Blog

In our December post, we provided information on laws that you may see in 2020. As we celebrate our 10th year, we're detailing the ten laws that already have or will definitely change this year.

Federal Tax Changes

The basic amount that most Canadians can earn tax- free increased on January 1 to $13,229 from $12,298, which may result in tax savings of up to $140 in 2020.

Changes to the Divorce Act

The majority of changes will be effective July 1, 2020. The changes include updated criteria to determine a child’s best interests in custody cases and measures to address family violence when making parenting arrangements.

Amendment to the Canada Business Act to include Diversity

Public corporations incorporated under this Act are required to report diversity of directors and senior management, which includes visible minorities.

Virtual Currency Dealers Must Register with the Federal Government: By June 1, 2020, they must meet the same client identification, record keeping, and reporting requirements as banks and credit unions.

Amendments to Comparison Countries Regarding Drug Pricing

By July 1, 2020, Canada will remove countries such as the United States and Switzerland for comparing and determining drug pricing and will add countries with similar populations such as Spain and Australia.

Ontario Wide

No more out of country health insurance

Those who become ill while travelling cannot claim the $400 a day maximum covering of emergency care or the $50 a day maximum for emergency outpatient services such as an MRI.

Restrictions on vaping products

Convenience stores and gas stations are banned from promoting vaping products.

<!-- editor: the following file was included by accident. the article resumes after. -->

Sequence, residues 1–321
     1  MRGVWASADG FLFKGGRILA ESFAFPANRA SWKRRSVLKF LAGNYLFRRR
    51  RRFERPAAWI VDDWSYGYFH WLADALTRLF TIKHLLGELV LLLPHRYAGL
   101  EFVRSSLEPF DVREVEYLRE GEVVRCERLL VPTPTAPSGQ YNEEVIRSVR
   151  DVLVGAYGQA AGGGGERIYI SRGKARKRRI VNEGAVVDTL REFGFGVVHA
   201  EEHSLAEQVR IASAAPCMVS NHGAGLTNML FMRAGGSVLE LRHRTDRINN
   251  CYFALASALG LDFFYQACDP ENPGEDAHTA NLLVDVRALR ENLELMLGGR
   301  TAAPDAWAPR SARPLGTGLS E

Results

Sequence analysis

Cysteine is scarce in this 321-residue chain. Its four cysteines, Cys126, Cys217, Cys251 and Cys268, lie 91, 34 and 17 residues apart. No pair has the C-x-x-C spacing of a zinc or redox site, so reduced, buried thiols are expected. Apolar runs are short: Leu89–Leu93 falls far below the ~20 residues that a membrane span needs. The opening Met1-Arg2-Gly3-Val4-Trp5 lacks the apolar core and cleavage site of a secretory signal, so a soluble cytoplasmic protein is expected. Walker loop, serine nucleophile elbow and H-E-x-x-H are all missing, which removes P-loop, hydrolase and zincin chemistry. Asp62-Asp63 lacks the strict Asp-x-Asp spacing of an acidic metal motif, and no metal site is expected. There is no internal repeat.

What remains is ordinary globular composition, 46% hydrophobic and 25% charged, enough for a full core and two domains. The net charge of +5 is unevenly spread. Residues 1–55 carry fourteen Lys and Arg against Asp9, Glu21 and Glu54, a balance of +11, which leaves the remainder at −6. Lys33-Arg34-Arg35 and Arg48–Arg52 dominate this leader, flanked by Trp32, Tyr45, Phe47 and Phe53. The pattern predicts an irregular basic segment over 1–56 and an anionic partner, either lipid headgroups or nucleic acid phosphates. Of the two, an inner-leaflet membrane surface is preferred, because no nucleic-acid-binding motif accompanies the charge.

Cancel Increase in Minimum Wage

By October 1, 2020, Ontario’s $14 minimum wage will be adjusted to the rate of inflation, but will not increase to the predetermined $15.

Dogs on Restaurant Patios

Restaurants and bars are permitted to allow dogs on patios where low-risk foods such as beer are served.

Phasing out the red and white health cards

As of July 1, 2020, the red and white health cards will be phased out. When photo ID cards were announced in 1994, it was estimated that $65 million in fraudulent health claims were made each year using red and white cards. Now, it is estimated that roughly 300,000 red and white health cards remain in circulation. If you are still in possession of a red and white health card, you should take the steps below:

  1. Download, print and complete a Health Card Re-Registration Form and bring this to a ServiceOntario centre.
  2. Bring your red and white health card and three separate documents – one from each of the following categories:
    • proof of Canadian citizenship or OHIP-eligible immigration status, such as a Canadian passport, Canadian birth certificate or permanent resident document;
    • proof of residency in Ontario, such as a driver’s licence;
    • proof of identity, such as a credit card or utility bill.